Goal of the research is the transportation of urgent medical samples from hospitals to analysis facilities and saving vital time by avoiding road traffic. Moreover, thanks to versatile UAVs, it is conceivable to dispatch samples directly from a scene of an accident – when the patient arrives at the hospital the results are at hand and the treatment can begin.
Before such a system can reach maturity, there are still many operational and legal challenges to master, which have been discussed together with the partners in the EU-project. Germandrones is responsible particularly for the technical aspects of the study.
For this, the Songbird has been equipped with a special payload: The DAI-Lab’s companion computer is placed inside the fuselage, which processes data of two cameras, serves as a Sense-and-Avoid system and adds decision making to better control starting and landing.
The main component of the payload is the external transport container which can be filled with samples or the like and can easily be mounted underneath the fuselage. At the destination it is unlocked electronically so that the staff at site may remove the goods.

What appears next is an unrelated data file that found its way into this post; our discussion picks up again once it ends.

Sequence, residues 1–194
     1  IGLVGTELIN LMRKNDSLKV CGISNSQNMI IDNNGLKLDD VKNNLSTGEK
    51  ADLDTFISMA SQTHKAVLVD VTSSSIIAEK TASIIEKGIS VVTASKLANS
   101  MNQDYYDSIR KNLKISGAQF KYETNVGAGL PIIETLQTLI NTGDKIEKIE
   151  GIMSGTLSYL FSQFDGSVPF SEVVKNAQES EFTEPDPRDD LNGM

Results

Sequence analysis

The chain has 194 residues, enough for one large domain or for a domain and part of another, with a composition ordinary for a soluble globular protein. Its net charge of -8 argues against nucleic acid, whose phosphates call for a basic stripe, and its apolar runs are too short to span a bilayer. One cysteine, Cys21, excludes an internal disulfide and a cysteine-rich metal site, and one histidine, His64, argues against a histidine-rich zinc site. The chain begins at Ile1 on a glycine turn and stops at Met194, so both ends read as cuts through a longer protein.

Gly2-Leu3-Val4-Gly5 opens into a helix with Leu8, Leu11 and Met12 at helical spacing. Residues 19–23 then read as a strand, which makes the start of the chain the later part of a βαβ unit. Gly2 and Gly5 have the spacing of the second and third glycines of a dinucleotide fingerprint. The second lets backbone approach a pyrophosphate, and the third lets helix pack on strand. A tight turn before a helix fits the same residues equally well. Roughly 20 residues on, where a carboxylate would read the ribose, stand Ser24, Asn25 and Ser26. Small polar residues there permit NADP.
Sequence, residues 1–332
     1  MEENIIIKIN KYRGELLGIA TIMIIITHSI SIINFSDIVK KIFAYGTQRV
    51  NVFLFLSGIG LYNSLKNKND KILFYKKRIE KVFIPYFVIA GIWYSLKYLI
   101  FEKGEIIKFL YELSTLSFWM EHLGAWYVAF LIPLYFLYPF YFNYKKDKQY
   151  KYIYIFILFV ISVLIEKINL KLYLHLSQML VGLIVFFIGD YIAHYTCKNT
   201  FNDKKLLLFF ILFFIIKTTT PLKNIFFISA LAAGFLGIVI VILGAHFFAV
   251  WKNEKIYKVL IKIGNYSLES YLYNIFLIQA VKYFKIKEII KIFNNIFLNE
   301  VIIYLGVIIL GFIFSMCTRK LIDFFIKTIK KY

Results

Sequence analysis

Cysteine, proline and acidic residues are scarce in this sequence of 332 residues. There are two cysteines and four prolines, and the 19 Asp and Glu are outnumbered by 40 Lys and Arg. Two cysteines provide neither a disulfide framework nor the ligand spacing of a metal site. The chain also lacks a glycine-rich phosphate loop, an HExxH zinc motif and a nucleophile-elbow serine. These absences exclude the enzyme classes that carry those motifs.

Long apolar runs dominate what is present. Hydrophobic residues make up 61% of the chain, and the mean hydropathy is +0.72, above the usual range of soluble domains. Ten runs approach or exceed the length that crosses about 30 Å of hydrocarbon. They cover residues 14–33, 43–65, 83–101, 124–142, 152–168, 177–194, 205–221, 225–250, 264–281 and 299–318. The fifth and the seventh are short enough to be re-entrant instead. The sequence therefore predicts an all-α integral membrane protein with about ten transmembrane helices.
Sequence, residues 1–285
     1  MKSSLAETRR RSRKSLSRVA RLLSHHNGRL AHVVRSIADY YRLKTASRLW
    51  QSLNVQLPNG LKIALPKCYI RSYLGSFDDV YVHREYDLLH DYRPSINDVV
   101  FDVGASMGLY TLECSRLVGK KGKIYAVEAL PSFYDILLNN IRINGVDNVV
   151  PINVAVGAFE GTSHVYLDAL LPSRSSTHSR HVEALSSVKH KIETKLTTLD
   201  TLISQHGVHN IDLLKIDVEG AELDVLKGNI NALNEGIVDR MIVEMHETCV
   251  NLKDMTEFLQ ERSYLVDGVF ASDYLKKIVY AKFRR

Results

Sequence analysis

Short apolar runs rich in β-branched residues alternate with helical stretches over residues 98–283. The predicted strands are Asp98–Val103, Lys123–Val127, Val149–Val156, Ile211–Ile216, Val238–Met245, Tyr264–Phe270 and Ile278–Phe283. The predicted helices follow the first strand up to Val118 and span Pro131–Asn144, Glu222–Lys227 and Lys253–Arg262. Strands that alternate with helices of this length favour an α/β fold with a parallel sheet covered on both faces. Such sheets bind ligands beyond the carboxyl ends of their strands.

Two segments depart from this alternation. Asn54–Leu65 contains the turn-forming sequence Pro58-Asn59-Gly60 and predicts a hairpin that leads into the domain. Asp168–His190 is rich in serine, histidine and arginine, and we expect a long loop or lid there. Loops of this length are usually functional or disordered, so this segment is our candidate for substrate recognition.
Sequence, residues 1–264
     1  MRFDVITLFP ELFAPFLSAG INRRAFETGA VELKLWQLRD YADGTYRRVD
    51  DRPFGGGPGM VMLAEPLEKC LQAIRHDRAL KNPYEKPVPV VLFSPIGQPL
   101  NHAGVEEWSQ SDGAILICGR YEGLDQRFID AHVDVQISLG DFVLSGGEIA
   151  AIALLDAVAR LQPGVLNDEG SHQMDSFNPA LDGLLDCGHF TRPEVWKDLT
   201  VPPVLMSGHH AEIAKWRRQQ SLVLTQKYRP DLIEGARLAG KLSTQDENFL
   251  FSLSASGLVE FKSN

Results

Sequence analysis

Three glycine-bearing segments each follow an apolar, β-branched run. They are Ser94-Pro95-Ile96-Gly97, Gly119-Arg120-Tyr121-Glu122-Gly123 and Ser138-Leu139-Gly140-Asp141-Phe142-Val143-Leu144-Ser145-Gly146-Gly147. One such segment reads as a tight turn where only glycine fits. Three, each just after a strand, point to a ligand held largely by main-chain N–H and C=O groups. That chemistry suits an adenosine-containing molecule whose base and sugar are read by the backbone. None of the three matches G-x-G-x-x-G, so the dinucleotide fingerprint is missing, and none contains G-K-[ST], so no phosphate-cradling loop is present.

In the Swedish province Kalmar, several flights have now been conducted with this setup. In the process the UAV has also been operated beyond visual line of sight of the pilot and the ground station. For better monitoring, further observers have been in the field for now. The Songbird is, however, capable of flying longer distances and landing at the destination fully automatically. In the case of unknown terrain or weather conditions it is also possible that the control during take-off and landing may be taken over by a local pilot.
See the video here.